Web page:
Safety of once-weekly dulaglutide on post-transplant diabetes mellitus: a preliminary single-centre experience
Alessandro Mattina1, Maria Ausilia Giusti1, Salvatore Gruttadauria 2, Michele Pilato 3, Patrizio Vitulo 3, Margherita Occhipinti 4, Giovanni Zito5, Valentina Agnese 5, Pier Giulio Conaldi5, Diego Bellavia5.
1Department of Diagnostic and Therapeutic Services, IRCCS-ISMETT (Istituto Mediterraneo per i Trapianti e Terapie ad alta specializzazione), Palermo, Italy; 2Department for the Treatment and Study of Abdominal Diseases and Abdominal Transplantation, IRCCS-ISMETT (Istituto Mediterraneo per i Trapianti e Terapie ad alta specializzazione), Palermo, Italy; 3Department for the Treatment and Study of Cardiothoracic Diseases and Cardiothoracic Transplantation, IRCCS-ISMETT (Istituto Mediterraneo per i Trapianti e Terapie ad alta specializzazione), Palermo, Italy; 4Diabetologic Unit, Medical Dept., Versilia Hospital, North West Tuscany, Lido di Camaiore (LU), Italy; 5Research Department, IRCCS-ISMETT (Istituto Mediterraneo per i Trapianti e Terapie ad alta specializzazione), Palermo, Italy
Introduction: Almost all immunosuppressive drugs (IS), including glucocorticoids, calcineurin and mTOR inhibitors, play a central role in the development of Post-Transplant Diabetes Mellitus (PTDM). IS potentially cause the development of a dysglycemic state, both for the direct cytotoxic action on pancreatic beta cells and for the induction of insulin resistance. PTDM is also associated with increased risk for cardiovascular disease and with worse graft and patients’ survival. Currently there are no clear recommendations on the choice of the most safe and effective anti-diabetic drug for PTDM. IS are linked with several pharmacokinetic interactions and burdened with vary degree of nephrotoxicity. Glucagon like peptide- 1 receptor agonists (GLP1RA) are largely used for the treatment of type 2 diabetes. They act stimulating endogenous insulin secretion in a glucose-dependent manner. GLP1RAs reduce blood sugar by stimulating insulin release, suppressing high glucagon levels, delaying gastric emptying, and reducing food intake. Furthermore, GLP1 has been shown to promote proliferation of beta cells in animal models. GLP1RA has proven to be safe and effective in reducing HbA1c without directly causing hypoglycemia and has shown a clear association with cardiovascular risk reduction and renal protection. Despite GLP1RA seems to act with a mechanism that perfectly contrasts the pathogenetic aspects of PTDM, in the literature clinical experience is entirely limited to case series and retrospective studies.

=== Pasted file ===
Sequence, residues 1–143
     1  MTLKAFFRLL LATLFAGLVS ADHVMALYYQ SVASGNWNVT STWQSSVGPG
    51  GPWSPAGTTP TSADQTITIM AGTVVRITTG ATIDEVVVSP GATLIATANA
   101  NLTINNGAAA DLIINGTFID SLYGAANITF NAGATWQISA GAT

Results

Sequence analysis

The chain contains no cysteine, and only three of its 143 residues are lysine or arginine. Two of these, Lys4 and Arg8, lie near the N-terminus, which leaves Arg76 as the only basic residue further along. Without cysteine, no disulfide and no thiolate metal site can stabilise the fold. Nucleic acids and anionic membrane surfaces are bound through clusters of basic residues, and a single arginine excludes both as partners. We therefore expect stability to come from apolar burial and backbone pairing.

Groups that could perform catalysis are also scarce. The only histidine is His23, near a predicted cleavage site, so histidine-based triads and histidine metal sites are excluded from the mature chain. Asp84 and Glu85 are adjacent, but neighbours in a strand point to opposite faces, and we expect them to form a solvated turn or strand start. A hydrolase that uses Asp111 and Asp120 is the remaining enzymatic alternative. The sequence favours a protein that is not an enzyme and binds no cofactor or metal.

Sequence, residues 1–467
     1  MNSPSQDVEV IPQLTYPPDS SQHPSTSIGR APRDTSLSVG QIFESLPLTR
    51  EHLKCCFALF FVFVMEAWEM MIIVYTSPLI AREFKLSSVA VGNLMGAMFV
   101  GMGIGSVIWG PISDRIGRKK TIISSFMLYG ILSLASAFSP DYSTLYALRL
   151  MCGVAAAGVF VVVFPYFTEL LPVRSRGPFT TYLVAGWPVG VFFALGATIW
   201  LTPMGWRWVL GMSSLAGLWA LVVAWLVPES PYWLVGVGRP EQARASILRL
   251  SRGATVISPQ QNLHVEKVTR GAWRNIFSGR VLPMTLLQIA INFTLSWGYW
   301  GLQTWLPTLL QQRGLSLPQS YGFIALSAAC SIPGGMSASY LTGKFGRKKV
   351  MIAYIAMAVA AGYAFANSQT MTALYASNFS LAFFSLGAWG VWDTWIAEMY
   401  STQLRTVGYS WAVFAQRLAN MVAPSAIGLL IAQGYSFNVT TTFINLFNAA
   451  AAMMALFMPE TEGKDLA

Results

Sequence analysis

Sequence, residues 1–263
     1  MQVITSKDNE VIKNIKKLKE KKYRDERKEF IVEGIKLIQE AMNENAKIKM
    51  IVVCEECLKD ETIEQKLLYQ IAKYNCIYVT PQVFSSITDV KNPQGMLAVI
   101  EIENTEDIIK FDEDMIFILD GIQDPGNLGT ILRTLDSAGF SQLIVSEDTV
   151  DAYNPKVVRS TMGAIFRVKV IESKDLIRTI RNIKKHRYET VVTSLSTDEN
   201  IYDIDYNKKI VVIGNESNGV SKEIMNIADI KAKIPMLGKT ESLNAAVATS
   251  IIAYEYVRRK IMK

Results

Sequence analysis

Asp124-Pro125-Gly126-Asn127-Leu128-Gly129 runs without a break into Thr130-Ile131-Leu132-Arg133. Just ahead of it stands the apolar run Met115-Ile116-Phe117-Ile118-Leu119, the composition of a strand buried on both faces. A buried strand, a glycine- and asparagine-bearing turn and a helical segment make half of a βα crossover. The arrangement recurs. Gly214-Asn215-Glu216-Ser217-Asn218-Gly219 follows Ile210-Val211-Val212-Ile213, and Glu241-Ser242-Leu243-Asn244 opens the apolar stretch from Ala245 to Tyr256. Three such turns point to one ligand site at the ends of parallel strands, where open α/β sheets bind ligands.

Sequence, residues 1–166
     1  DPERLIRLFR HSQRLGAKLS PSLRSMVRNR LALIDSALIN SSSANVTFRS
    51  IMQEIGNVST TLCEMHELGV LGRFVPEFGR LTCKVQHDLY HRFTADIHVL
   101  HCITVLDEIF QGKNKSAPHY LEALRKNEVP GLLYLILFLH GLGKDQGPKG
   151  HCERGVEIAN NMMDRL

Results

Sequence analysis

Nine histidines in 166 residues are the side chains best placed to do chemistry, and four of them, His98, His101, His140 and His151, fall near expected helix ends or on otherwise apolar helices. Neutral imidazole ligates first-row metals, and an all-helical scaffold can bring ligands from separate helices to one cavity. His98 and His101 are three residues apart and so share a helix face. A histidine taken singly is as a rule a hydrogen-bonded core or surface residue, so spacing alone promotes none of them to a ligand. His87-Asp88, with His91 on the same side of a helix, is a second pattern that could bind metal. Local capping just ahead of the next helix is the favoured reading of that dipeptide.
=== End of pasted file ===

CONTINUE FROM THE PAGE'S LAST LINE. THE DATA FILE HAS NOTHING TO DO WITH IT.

Method: In order to assess primarily safety of GLP1RA therapy in patients with PTDM we have prospectively enrolled a sample of N = 20 patients referred to liver (N = 10), renal (N = 5), as well as heart (N = 4) and lung (N = 1) transplant at ISMETT. All patients were placed on once-weekly dulaglutide therapy. Weight, HbA1c Level, as well as complete lipid profile and liver function tests were performed at 3 months and again at 6 months. One-way Repeated measurements ANOVA was used to test significant change in collected variables over time.
Results: The study was closed at 6 months follow-up visit. Mild gastrointestinal symptoms were experienced by patients at the treatment start and resolved in 2 weeks. There were no persistent side effects due to dulaglutide in our study population and all recruited patients were on dulaglutide at 6 months evaluation. Body weight, Total cholesterol, Fibrosis-4 Index, alanine aminotransferase and aspartate aminotransferase levels were all reduced at the end of the follow-up, while blood glucose as well as HbA1c were stable over time (Table 1, Figure 1).
Conclusion: Dulaglutide has proven to be safe in a population of transplanted patients with PTDM. In addition, a significative reduction of metabolic parameters was found. GLP1RA could be a preferred treatment for patients with PTDM considering also the extraglycemic effects of cardiovascular and renal protection.
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